Can You Freeze Mushrooms?
Mushrooms may be a tasty and healthy addition to your diet, but they have a relatively short shelf-life. Fresh mushrooms will keep for a maximum of one week in your refrigerator.
Canned mushrooms preserve for longer, but most people prefer the fresher alternative. Additionally, fresh mushrooms have fewer calories and more nutrients.
So, how can you preserve your mushrooms for longer?
Simple! Freeze them. It is possible to freeze mushrooms and preserve their flavor and quality.
If you’re going to freeze mushrooms, you should purchase them as fresh as possible for best results. To select ideal mushrooms, check that they both look and smell fresh.
Do a little research on the type of mushroom you’re buying beforehand. Check to see what a good-quality fresh mushroom of your preferred type should look like.
Fresh mushrooms should be moist with a pleasant, earthy odor. They should not have brown patches or spots.
Avoid mushrooms that are shriveled or look dry. If the mushrooms’ caps are curling or they look to be decaying, give them a pass.
Before freezing your mushrooms, it’s best to follow a few preparation guidelines. Mushrooms can be frozen either raw or cooked, depending on your preference.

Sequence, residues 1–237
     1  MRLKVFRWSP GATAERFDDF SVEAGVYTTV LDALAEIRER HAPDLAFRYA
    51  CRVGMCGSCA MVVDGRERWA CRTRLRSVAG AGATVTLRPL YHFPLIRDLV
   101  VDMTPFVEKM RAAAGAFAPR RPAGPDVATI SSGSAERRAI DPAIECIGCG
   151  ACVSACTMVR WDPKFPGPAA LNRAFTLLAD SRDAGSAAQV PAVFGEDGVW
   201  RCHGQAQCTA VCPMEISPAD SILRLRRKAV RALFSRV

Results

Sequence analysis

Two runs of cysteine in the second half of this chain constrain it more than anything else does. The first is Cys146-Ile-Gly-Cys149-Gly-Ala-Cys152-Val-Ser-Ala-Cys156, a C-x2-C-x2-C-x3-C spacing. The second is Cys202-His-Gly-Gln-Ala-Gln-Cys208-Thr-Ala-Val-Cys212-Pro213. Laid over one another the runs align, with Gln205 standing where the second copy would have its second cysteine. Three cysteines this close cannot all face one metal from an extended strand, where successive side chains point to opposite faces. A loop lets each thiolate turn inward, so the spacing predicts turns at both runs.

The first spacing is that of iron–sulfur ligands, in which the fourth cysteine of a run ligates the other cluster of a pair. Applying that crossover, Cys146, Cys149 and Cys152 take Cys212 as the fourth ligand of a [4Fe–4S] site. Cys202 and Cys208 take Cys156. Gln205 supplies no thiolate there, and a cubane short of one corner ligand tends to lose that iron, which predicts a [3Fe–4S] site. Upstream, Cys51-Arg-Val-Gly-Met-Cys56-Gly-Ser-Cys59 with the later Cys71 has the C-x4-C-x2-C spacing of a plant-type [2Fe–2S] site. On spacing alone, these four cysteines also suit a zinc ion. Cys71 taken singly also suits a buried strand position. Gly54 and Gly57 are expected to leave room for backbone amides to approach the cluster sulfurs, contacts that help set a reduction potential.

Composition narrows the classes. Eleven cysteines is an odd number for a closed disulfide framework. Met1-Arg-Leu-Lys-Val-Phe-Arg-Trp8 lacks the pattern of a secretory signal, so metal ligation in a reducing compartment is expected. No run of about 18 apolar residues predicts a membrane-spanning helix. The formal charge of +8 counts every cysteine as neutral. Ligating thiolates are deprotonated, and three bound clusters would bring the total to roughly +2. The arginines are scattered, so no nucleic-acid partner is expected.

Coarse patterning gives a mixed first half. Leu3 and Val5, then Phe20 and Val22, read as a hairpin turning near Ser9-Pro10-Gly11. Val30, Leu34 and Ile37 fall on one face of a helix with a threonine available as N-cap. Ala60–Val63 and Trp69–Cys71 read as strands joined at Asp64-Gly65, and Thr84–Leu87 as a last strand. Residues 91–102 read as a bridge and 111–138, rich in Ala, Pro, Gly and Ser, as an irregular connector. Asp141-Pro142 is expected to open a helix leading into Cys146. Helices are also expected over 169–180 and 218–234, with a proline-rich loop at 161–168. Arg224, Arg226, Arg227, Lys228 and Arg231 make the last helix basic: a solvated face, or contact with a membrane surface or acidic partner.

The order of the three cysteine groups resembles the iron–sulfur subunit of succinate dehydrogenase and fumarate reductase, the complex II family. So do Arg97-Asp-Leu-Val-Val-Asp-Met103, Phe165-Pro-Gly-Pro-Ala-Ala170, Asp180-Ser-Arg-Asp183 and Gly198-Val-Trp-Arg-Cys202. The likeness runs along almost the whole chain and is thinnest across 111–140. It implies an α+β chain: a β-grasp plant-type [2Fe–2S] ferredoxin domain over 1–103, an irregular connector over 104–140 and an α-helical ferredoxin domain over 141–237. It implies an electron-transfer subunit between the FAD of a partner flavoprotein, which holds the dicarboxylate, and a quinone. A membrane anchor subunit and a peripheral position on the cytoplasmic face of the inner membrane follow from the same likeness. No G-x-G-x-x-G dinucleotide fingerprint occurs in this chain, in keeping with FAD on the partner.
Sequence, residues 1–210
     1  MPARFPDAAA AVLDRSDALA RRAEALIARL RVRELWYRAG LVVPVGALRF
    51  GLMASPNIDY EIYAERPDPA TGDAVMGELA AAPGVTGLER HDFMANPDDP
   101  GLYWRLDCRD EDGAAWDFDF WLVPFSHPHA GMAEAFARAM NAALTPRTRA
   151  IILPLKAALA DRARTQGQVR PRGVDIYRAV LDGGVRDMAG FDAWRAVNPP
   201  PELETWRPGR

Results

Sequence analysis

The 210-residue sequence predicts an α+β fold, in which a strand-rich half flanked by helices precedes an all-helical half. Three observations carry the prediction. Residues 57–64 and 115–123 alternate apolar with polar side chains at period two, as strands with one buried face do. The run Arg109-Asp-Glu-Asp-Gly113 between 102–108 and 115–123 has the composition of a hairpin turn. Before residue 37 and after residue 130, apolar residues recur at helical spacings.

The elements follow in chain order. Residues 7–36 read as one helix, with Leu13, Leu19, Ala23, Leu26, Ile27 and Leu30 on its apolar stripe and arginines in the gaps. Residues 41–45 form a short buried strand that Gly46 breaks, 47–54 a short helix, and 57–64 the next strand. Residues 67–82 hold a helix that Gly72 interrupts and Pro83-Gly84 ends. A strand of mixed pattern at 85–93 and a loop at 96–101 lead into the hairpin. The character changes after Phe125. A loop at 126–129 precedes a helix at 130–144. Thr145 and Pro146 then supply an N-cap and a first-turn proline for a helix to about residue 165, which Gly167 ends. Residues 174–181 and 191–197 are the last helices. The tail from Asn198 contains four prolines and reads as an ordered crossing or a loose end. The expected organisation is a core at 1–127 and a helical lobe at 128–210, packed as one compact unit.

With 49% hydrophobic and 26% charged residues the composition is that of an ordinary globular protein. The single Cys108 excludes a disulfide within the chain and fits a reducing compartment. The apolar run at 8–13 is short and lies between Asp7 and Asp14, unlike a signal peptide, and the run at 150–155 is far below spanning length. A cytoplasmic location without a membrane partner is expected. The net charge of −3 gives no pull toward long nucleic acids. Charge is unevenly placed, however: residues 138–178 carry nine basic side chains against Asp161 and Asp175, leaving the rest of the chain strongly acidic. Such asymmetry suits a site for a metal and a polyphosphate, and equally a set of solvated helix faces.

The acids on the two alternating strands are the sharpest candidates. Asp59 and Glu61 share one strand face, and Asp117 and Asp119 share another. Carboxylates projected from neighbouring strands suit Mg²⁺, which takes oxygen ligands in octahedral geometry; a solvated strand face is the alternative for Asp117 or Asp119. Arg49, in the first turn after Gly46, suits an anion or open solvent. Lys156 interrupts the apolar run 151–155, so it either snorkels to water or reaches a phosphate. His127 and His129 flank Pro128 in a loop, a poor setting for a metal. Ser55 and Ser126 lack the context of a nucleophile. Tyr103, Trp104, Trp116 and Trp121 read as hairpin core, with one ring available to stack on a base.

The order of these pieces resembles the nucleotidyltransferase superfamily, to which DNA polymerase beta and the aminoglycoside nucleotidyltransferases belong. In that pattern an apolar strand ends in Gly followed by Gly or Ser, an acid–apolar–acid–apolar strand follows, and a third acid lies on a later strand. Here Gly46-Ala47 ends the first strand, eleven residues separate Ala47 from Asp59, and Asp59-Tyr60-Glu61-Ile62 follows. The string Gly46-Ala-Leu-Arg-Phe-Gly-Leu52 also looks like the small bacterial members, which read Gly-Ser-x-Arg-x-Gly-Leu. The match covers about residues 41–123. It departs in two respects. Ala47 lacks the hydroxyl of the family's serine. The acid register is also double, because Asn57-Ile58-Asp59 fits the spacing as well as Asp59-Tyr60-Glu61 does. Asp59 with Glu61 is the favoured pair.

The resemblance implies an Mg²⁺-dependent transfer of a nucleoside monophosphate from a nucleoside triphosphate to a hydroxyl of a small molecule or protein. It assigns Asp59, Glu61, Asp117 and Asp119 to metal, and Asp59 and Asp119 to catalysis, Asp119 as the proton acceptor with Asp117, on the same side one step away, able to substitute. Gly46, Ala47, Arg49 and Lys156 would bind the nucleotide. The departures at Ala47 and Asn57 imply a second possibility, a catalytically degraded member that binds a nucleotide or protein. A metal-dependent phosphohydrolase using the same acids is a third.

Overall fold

If you’re freezing raw mushrooms, start by gently washing them to remove any residual dirt. Once they are clean and patted dry, follow these easy steps:
- Slice or dice up your mushrooms into small pieces. You don’t want to break apart a clump of whole frozen mushrooms!
- Lay out the cut up mushroom pieces neatly on a plate or on wax paper. Do not layer or pile up the mushrooms.
- Put the plate or wax paper with the mushrooms in the freezer for 2-3 hours.
- Remove the mushrooms from the freezer. Now that they are frozen in separate pieces, they won’t stick together.
- Put the frozen mushrooms into containers. It is preferable to use containers that hold a maximum of 1 cup worth of mushrooms.
Some mushroom species are better frozen raw, such as maitake mushrooms. Any wild mushroom that’s high in moisture (or slightly slimy) is also a good candidate for raw freezing.
Certain types of mushrooms are best cooked before they are frozen. Button and shiitake mushrooms tend to lose texture if they are frozen raw.
To freeze cooked mushrooms, begin by gently washing your fresh mushrooms. Once they are washed and dry, follow these instructions:
- Slice or dice up your mushrooms into small pieces.
- Heat up a small amount of butter or oil in a pan, on low-medium heat.
- Add the mushrooms, stirring frequently. The mushrooms will release and then reabsorb their liquid.
- Once the mushrooms are cooked, allow them to cool until they are room temperature.
- Put the mushrooms into containers and freeze. It is preferable to use containers that hold a maximum of 1 cup worth of mushrooms. (Source)
When you’re ready to use your mushrooms, just take them out of the freezer. They don’t need to be thawed prior to use. (Source)
Check out these mushroom recipes from our archives: